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Why a tape backup system is still a good storage option

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Gmail outage illustrates the importance of tape backups

The 2011 email disaster Google suffered showed why redundancy is woefully inadequate for DR and demonstrated the importance of tape backups.

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Recently, while preparing a TechTarget seminar for presentation in London on my favorite topic -- disaster recovery in the era of software-defined everything -- I happened upon a link to a video another fellow's session I had the pleasure of attending at the Fujifilm Global IT Executive Summit in New York City late last year. That session, which I had found to be particularly illuminating and entertaining, featured Raymond Blum, Google's staff site reliability engineer. I encourage everyone to go and watch it.

No, this isn't just another plug for Google or cloud backup or some related trope. With the start of a new hurricane season on the East Coast upon us, I find myself contemplating the serious business of data protection and disaster recovery. These business continuity functions require the implementation and rehearsal of processes, infrastructure and command-and-control structures in advance of any interruption event. There are no shortcuts.

Blum says all of this in a very interesting and entertaining way, recounting lessons learned from a disaster in 2011, when Google had "misplaced the email of over 130 million users" and needed to recover it -- fast! He observes that redundancy, the currently preferred approach of the software-defined storage/virtual SAN crowd, is woefully inadequate as a disaster recovery strategy that must guarantee data integrity or durability. Organizations need a "chief data integrity officer" who acknowledges the simple reality that replication and mirroring do not deliver disaster recovery: you need backups. Preferably several of them. Preferably on tape. Yes, you need tape backups.

"Redundancy doesn't do what people think," Blum said. "If you make five copies of data on disk mirrors, you've got five bad copies… [The 2011 Gmail outage] showed that redundancy is not a recovery strategy." In the case of a zero-day attack, according to Blum, "integrity may be jeopardized everywhere that data is replicated."

He is basically underscoring what I hope will become a well-understood point -- redundancy provides great protection against low-level component failures. But to guarantee recovery from a disaster, you need a backup -- preferably on tape -- that has been tested and found to be restorable.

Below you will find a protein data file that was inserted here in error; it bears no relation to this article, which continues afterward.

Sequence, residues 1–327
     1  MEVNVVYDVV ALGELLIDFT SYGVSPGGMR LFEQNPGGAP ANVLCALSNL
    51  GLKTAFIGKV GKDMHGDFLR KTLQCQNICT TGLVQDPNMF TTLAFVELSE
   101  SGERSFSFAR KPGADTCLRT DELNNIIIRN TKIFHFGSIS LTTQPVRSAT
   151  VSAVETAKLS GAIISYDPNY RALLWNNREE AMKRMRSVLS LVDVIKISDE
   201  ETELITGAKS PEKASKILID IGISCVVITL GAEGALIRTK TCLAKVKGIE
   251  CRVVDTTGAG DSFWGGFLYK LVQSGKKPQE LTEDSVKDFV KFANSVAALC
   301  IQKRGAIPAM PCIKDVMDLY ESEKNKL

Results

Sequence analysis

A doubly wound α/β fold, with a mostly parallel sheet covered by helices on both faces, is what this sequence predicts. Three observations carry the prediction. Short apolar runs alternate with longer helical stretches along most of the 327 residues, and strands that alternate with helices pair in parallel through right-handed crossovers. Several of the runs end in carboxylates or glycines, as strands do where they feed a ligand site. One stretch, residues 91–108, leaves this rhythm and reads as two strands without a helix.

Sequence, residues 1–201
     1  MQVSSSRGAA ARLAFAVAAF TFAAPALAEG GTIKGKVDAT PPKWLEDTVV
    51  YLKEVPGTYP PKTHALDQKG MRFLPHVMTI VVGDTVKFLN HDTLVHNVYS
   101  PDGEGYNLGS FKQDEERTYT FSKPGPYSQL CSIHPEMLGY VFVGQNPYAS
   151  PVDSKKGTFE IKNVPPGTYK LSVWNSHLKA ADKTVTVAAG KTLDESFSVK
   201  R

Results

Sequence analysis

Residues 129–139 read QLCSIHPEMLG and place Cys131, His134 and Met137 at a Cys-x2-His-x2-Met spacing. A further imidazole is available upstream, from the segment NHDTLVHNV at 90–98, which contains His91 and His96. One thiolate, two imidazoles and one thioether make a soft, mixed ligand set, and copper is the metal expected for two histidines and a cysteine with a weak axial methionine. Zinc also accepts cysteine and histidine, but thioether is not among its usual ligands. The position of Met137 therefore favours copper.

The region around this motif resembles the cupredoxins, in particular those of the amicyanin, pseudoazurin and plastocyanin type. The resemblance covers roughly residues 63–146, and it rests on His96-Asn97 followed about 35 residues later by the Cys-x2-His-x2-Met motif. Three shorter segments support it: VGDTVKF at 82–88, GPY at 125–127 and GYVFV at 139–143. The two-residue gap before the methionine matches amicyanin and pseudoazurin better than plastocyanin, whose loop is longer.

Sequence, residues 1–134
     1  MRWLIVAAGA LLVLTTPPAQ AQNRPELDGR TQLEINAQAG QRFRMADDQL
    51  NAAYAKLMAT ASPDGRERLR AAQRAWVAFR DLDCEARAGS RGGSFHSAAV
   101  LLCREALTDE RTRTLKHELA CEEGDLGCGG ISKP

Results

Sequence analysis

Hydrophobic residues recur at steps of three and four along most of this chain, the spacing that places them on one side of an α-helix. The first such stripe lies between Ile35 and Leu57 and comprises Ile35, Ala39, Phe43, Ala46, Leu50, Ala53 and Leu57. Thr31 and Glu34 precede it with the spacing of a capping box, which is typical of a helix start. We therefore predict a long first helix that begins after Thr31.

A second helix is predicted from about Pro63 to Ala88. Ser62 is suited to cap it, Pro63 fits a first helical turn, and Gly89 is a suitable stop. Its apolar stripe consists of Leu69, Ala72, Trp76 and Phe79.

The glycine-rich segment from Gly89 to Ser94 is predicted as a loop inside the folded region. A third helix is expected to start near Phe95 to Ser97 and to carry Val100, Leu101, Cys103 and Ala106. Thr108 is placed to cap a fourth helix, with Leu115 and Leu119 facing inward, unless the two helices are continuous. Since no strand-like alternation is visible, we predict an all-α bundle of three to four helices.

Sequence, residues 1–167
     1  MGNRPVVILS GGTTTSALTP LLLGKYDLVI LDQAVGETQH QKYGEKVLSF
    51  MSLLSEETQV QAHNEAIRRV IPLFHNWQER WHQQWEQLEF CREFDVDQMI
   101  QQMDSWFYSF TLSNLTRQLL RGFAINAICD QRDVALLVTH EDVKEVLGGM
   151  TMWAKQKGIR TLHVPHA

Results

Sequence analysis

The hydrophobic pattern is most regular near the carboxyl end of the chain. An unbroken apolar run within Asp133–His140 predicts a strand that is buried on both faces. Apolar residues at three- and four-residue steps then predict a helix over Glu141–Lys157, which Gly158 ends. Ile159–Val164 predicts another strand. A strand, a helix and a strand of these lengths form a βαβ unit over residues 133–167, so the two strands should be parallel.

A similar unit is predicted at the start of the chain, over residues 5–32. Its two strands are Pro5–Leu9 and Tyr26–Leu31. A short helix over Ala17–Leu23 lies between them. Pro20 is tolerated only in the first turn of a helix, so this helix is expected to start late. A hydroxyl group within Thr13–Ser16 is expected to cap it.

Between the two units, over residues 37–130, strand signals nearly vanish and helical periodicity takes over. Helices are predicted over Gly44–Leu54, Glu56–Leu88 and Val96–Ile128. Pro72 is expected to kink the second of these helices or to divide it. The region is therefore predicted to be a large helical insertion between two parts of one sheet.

Restorability is key to the strategy implemented by Google in its tape strategy. Blum spends time describing how his company spreads data across five tapes in a way that enables four of the tapes to restore the contents of the fifth tape should it fail. This is a hedge against media failures, which "happen to hundreds of tapes per year," he notes, quickly adding that that number is a tiny fraction of the number of tapes used by Google annually.

To guarantee recovery from a disaster, you need a backup -- preferably on tape -- that has been tested and found to be restorable.

More interesting perhaps is the methodology he has implemented for doing backup and restore of large volumes of data in a highly distributed server infrastructure. "It takes something like 112 years to backup an exabyte of data," he notes. But, by divvying up the backup job among many servers using MapReduce, Google is able to backup an exabyte in seven days. His is a fascinating, if unintended, use of a technology actually aimed at Hadoop big data analytics or high-performance cluster computing.

He concedes that no one likes to do backups, particularly tape backups. Still worse, no one wants to get the call that a disaster has occurred and a data restore is required. He recounts the process by which Google recovered from its email outage, noting that, at one point, one of the company's many tape libraries had a glitch in one of its robots, which picked a tape for use in restore, but kept placing it back on the shelf. Blum says he had to call a technician to go into the Oregon data center and resolve the problem. The technician initially refused to shut down power to the tape library, pull the tape from the robotic claw and manually insert it into the maw of the tape drive for fear that it might break the library. Blum's response was classic: "On my personal authority as Captain of the Enterprise, I order you to neutralize the hostile robot."

In the final analysis, nobody likes to do a backup, particularly a tape backup, or to spend time verifying the restorability of the data. However, it is the only way to be certain that the data you are stewarding has durability and integrity and that the applications and systems that are generating, processing, sharing, storing and networking the data are adequately protected by your strategy.

Was that a raindrop I just felt?

BIO: Jon William Toigo is a 30-year IT veteran, CEO and managing principal of Toigo Partners International, and chairman of the Data Management Institute.

Next Steps

DR plan your data center for hurricanes

Backup tape location is a key part of your DR plan

This was last published in May 2015

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